An industry which makes it’s bread and butter from advertising revenue, advertising is to digital what Usain Bolt is to athletics. Fast, dynamic, competitive and engaging – advertising is the lifeblood of the digital world. Yet thanks to the advent of ad blocking software, the industry’s ability to conduct business as usual is under threat.
Earlier this month it was announced that the World Federation of Advertisers (WFA), wants to implement a series of changes that could see the creation of a global advertising watchdog. With proposed new powers that would allow it to regulate internet ads, this could spell disaster for brands, publishers and digital marketers alike.
The global advertising trade group, which accounts for around 90% of global marketing spend, believes the growth of ad blocker usage is a clear sign that consumers are disenfranchised with online advertising. Their solution? To create a global coalition that uses shared learning, data insight and customer behaviour to enforce a set of advertising standards, which would be applied on global and local scales.
Rather than combatting the use of ad blockers with sophisticated technology and work-arounds, it would aim to identify the common ad types consumers find the most intrusive and eradicate them.
The status quo
In an era of waning circulations and where print is on its way out, traditional advertising models are fast becoming redundant. Increasingly savvy consumers are turning online for their content needs. By and large they can find what they’re looking for, free of charge.
To capitalise on this, in the past decade publishers and brands have turned their attentions online too. A somewhat symbiotic relationship, publishers make their money from brands willing to advertise around their content. And brands make their money on the back of adverts that speak to their target consumers in the right place at the right time.
In 2016 publishers and digital advertisers survive by the grace of circulation revenue and ad revenue. Take away either’s ability to earn and it’s a sad state of affairs that has far reaching implications for the future.
The rise of the adblock
An industry in its own right, the meteoric rise of adblock is showing no signs of slowing down. Last year Adobe estimated that the loss of global ad revenue for the year would reach $21.8 billion. This year the global cost of ad blocking is expected to double at $41.4 billion.
A report from tech company PageFair, released just before the WFA announcement, found that approximately 49 million people block ads on their smartphones (22%), while 198 million block ads on their desktops – an increase of 41% since 2014.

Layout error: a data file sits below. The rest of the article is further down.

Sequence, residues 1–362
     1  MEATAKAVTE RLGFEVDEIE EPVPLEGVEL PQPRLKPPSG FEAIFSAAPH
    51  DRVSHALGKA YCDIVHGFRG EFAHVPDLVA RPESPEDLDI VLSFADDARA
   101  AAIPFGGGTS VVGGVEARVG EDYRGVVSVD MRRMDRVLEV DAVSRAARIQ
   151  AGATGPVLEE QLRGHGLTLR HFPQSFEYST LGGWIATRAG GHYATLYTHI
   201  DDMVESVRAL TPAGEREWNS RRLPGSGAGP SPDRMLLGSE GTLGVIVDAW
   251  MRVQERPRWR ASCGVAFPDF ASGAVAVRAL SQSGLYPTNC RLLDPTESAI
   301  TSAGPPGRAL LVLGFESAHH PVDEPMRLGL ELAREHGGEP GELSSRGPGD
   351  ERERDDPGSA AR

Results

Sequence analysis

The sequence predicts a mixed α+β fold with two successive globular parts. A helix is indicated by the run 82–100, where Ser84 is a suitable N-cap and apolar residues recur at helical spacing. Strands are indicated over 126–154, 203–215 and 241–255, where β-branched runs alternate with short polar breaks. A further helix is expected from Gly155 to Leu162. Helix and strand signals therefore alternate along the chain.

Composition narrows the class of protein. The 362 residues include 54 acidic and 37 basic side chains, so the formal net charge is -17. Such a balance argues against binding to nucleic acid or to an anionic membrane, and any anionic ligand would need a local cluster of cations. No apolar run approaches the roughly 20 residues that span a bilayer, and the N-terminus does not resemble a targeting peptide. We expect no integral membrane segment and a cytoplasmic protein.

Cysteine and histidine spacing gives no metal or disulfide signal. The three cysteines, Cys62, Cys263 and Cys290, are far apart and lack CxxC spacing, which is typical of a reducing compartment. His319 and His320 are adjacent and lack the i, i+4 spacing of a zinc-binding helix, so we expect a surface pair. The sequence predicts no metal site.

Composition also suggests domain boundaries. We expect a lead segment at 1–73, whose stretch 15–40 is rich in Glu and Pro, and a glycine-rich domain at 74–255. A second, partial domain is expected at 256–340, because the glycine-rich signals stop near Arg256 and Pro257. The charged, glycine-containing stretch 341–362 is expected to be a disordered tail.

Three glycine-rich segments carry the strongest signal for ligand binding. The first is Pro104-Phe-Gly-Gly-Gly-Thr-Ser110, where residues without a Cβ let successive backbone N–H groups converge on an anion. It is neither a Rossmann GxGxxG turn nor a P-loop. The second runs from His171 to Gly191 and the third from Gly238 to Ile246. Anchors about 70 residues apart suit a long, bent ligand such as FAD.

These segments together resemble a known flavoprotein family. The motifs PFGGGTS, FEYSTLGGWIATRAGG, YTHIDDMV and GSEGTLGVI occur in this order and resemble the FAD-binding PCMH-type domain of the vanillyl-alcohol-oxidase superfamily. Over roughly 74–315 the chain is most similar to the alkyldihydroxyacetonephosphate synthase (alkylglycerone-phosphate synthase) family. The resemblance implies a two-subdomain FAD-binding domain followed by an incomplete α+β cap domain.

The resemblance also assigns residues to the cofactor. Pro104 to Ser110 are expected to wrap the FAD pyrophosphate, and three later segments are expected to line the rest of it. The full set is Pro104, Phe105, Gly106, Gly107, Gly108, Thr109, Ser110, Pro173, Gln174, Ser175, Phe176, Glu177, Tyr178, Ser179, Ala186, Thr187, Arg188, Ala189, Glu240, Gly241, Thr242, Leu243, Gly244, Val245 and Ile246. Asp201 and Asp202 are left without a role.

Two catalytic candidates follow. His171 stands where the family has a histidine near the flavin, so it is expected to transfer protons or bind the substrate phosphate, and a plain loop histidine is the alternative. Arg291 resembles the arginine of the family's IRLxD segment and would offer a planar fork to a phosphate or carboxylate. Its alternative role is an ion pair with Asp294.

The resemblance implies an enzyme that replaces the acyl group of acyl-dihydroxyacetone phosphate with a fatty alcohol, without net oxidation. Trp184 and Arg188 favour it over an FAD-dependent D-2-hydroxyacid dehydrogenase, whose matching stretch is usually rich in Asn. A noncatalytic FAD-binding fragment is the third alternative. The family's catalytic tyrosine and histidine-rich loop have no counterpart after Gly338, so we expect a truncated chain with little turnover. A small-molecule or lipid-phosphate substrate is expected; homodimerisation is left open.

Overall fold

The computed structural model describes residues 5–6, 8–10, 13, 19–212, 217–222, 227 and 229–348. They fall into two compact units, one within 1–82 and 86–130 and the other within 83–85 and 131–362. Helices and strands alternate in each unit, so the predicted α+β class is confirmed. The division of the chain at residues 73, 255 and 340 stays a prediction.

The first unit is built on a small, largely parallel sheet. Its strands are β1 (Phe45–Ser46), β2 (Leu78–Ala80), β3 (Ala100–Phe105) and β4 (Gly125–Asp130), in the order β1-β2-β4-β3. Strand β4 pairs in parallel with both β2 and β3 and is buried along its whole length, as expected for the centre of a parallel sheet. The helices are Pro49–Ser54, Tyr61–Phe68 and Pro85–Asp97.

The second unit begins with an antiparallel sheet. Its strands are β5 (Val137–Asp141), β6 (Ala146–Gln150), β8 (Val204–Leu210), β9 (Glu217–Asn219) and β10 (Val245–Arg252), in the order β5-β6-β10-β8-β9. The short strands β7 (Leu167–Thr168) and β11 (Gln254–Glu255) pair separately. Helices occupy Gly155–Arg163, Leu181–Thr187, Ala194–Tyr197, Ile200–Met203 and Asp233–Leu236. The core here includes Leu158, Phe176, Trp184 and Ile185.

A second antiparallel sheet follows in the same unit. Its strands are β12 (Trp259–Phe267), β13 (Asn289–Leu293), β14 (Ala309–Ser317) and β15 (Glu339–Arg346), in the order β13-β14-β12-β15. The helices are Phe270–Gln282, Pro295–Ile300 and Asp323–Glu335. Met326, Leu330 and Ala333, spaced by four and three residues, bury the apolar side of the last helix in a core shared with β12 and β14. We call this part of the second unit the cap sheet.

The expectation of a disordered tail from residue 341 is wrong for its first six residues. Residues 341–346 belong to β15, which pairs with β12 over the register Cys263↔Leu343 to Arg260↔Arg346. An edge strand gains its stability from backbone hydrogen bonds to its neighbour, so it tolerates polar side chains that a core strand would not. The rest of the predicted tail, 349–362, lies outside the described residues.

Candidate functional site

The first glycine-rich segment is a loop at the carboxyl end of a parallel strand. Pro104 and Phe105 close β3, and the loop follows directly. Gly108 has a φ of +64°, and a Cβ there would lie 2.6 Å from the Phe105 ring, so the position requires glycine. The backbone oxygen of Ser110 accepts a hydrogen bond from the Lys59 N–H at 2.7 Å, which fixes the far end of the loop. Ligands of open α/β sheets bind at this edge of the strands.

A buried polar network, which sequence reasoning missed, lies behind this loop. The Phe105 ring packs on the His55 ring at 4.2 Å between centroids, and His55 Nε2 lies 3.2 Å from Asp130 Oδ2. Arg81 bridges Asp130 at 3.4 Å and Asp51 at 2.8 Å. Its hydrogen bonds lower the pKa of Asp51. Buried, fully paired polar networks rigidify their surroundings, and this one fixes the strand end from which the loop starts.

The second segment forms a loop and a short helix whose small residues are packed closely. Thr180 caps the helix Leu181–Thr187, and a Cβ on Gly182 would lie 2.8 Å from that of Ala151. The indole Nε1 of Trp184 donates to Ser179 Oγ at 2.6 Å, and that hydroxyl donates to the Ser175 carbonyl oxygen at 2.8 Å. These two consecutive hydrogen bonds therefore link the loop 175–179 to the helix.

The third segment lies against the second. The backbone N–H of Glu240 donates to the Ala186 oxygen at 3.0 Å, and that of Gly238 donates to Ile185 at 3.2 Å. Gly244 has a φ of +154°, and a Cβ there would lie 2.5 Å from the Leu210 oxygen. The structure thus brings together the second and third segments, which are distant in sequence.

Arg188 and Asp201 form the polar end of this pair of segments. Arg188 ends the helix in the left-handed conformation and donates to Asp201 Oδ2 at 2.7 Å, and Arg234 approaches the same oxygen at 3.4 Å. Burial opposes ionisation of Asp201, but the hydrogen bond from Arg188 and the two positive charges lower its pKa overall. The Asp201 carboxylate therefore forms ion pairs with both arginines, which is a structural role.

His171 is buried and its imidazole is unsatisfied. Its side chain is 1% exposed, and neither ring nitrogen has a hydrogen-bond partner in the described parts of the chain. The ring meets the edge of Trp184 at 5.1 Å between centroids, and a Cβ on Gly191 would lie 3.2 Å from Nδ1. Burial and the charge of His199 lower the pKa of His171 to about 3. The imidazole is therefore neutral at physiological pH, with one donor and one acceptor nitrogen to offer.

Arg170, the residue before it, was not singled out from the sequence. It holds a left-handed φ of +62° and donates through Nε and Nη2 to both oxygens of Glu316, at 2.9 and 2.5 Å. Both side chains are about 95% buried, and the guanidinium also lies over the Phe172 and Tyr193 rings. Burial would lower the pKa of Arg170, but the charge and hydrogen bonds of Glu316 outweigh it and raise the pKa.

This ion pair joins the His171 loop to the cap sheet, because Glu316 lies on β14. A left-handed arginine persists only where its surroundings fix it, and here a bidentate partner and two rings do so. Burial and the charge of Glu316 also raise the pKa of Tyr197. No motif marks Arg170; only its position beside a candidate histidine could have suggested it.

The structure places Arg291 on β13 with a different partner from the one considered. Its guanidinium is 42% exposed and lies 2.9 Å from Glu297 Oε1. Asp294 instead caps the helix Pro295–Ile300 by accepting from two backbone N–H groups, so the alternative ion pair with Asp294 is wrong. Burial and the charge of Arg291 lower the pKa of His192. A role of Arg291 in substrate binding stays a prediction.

Statistically speaking, the average adblocker is male, with men 48% more likely than women to use adblock plug-ins while online. In terms of age, digitally savvy millennials are most perturbed by digital ads with 41% of 18-29 year olds claiming to use adblock software.
Is the “adblockalypse” here?
A term coined to describe the launch of the ninth iteration of Apple’s operating system (iOS9), the adblockalypse was hailed along with the arrival of the iPhone 6. For the first time a smartphone came with the ability for users to install software that blocked banner ads from appearing on mobile web browsers.
An unprecedented threat that industry watchers predicted would cause digital advertisers to hemorrhage money like never before, statistics have shown that in fact Google Chrome has driven the majority of adblock’s growth.
But as Google’s Chrome and, to a lesser extent, Apple’s Safari lead the charge, it’s likely that other internet service providers will move to integrate their own ad blocking capabilities too.
There’s no doubting that we’re reaching a tipping point. A 2016 report by eMarketer suggests that as many as 30% of British web users will have installed software to remove web advertising by end of next year.
Yet while the adblockalypse has the potential to severely disrupt the viability of the internet as a platform for the distribution of free ad-supported content, it’s unlikely to deliver any prophetic revelations just yet.
And though an attempt by the WFA to clean up the image of online ads would be welcomed from all sides, a mandate to create better ads that deliver engaging content through a better user experience is perhaps missing the point of the detrimental impact adblock has far beyond an ad’s subjectivity.
Sure advertisers will need to be more creative and work harder to integrate ads. We may even see an increase in the production of native advertising. However, much more likely is that we’ll see a battle of will between consumers and publishers, where it’s probable publishers will prevail – for the time being at least. Small independent publishers will begin following in the footsteps of their major competitors declaring in unison, “our house, our rules, our ads”.